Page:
This article appears in Fall Boomers magazine.
Central Missouri is home to what is often referred to as the best recreational lake in the nation, Lake of the Ozarks, a summertime paradise for boaters, fishers, swimmers, water skiers, jet-boat enthusiasts and those who just want to kick back on a dock and read or take a little siesta.
But when summer begins to wane and the weather becomes cooler, the brightly green-leafed trees begin to show off their fall colors, offering mid-October leaf peepers a spectacular explosion of varying shades of red, yellow and orange.
Lake of the Ozarks is a man-made lake covering more than 54,000 acres with a span that reaches 92 miles from one end to the other. Summer fun-seekers pilgrimage to the lake to enjoy its more than 1,150 miles of shoreline.
But in the fall, by just wandering the curving, off-the-beaten-path roads, leaf peepers can get plenty of exposure to the fabulous colors of the Ozarks.
One “do not miss” fall view is from the historic Willmore Lodge. Standing on the deck of the lodge offers a panoramic view of the colors reflecting off the sparkling lake. Many visitors will see an eagle or two while taking in the scenery. The lodge is surrounded by trees and has a walking path. The lodge itself is made from pine logs brought from the Pacific Northwest — cut and assembled in Oregon then marked with numbers, disassembled and sent off to Missouri by train.
Making Willmore Lodge the first stop on any itinerary is perfect as travelers also will find information on the area there.
The Bagnell Dam History Museum, in the historic lodge, offers visitors a look into the complete history of the lake with interactive exhibits, video and audio. History buffs will enjoy spending time looking over the historic documents, photos and tools used for the construction of the dam between 1929 and 1931.
Willmore Lodge and the museum are at 1 Willmore Lane, Lake Ozark. Visit willmorelodge.com for hours of operation.
Ha Ha Tonka State Park (supposedly translated as “laughing waters”) is another perfect place for those seeking a flood of fall colors. The park offers a variety of ways to see the brilliant leaves including hiking, biking or just driving the winding roads. The Ha Ha Tonka Castle Ruins is not only an interesting site but offers spectacular views from its vantage high up on a bluff in the park. Visitors can see for quite a distance over the valley and colorful tree-filled hills.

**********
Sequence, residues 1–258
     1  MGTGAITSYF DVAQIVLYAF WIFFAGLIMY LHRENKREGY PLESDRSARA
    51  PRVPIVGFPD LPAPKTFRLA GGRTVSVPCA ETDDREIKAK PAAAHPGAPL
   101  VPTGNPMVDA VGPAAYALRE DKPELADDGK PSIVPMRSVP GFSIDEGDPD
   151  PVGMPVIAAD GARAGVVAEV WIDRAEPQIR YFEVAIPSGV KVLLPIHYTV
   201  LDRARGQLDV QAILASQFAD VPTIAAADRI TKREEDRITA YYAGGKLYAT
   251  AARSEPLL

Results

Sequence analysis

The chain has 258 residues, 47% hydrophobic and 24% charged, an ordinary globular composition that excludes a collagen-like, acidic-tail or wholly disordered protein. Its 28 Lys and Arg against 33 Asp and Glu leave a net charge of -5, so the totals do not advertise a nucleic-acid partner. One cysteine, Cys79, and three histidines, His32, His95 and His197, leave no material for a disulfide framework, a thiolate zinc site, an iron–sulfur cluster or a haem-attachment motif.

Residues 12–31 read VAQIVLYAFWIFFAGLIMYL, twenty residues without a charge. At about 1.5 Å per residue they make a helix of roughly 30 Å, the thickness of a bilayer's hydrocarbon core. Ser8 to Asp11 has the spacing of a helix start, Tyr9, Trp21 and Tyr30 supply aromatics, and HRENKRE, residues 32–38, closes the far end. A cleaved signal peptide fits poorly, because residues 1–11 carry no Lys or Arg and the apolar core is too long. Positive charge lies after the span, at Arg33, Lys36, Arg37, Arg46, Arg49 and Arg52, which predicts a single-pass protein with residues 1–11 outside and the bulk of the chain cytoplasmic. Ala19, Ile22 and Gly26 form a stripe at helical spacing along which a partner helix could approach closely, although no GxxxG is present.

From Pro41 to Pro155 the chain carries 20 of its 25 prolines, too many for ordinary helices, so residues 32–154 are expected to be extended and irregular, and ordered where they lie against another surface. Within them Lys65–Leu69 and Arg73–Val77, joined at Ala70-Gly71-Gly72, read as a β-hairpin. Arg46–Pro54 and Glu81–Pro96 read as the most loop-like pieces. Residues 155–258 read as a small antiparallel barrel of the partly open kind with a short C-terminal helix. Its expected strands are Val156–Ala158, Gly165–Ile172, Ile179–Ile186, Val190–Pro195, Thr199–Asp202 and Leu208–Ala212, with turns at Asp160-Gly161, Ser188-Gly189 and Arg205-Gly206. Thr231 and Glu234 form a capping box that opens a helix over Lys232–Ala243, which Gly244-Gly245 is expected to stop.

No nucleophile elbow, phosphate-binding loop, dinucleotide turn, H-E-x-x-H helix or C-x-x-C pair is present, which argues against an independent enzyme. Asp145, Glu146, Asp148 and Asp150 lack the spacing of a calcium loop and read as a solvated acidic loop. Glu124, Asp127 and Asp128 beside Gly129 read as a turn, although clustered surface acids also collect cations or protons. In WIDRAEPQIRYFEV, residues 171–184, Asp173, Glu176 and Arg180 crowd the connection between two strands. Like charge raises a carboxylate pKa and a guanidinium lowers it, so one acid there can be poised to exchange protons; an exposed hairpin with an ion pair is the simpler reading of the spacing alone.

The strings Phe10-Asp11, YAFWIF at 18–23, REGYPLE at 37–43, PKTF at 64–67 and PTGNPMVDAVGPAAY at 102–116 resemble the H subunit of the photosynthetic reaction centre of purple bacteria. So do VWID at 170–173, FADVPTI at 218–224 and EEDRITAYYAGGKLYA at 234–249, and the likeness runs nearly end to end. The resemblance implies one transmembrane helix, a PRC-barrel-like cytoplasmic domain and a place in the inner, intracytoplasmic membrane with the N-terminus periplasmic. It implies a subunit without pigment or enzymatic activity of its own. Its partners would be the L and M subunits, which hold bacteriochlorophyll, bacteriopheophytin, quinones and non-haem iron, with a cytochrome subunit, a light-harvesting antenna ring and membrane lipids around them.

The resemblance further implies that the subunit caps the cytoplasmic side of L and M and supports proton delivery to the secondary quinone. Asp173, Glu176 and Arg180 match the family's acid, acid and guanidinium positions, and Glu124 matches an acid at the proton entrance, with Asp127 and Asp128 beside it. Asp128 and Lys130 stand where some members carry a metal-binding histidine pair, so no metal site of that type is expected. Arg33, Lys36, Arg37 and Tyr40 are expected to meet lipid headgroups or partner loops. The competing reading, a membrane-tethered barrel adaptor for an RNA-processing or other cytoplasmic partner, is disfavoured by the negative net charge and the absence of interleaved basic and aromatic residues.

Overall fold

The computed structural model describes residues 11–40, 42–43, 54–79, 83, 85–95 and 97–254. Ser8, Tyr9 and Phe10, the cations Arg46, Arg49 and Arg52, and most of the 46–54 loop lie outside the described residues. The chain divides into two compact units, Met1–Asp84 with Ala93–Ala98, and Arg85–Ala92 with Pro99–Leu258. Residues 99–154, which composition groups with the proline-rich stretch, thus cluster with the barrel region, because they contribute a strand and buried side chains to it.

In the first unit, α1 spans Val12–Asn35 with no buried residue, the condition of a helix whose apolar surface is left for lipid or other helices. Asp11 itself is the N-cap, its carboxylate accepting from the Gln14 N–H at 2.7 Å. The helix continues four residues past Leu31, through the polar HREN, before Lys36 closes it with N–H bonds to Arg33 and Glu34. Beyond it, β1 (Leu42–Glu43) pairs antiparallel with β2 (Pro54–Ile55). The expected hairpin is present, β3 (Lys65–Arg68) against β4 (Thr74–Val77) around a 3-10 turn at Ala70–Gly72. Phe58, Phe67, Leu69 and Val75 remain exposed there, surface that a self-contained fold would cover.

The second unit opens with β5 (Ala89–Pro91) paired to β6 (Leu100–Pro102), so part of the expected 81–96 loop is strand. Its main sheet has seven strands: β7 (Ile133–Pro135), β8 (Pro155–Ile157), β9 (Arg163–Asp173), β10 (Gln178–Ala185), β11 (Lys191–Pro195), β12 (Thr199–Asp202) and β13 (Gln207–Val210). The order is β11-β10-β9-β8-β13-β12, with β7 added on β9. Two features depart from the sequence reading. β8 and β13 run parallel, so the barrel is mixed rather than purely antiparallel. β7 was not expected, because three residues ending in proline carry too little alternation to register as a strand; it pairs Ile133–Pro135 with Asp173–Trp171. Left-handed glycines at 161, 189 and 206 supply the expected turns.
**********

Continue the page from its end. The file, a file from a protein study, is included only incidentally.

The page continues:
The castle was built by Robert McClure Snyder, who had a dream of constructing a European-style castle in the state he loved. The wealthy Kansas City businessman purchased 5,000 acres, which included a lake. Snyder never saw the completion of his beautiful castle, as he was killed in 1906 in what was one of the first car accidents in the state. His sons completed the castle. Eventually, it was opened as a hotel until it was destroyed by fire in 1942. The state purchased the property. It is a short walk to the castle ruins, and viewing areas are along the path.
Of course, one of the best views for leaf peeping is from the lake itself. The lake zigs and zags throughout its thousands of acres, offering many coves and inlets for peepers to find color from the water. Don’t have a boat? Not a problem, as there is a long list of companies that rent boats of all kinds. There are also cruises available such as Celebration Cruises, cruiselakeoftheozarks.com, which offers year-round scenic tours.
Lake of the Ozarks was voted in 2018 as the No. 2 place in the U.S. for fall foliage by USA TODAY. The area offers an array of colors provided by its variety of trees, from ash and oaks to hickories and maples. The color show usually begins mid- to late October and can continue into early November, depending on the weather.
For information on places to stay, where to eat and things to do visit funlake.com.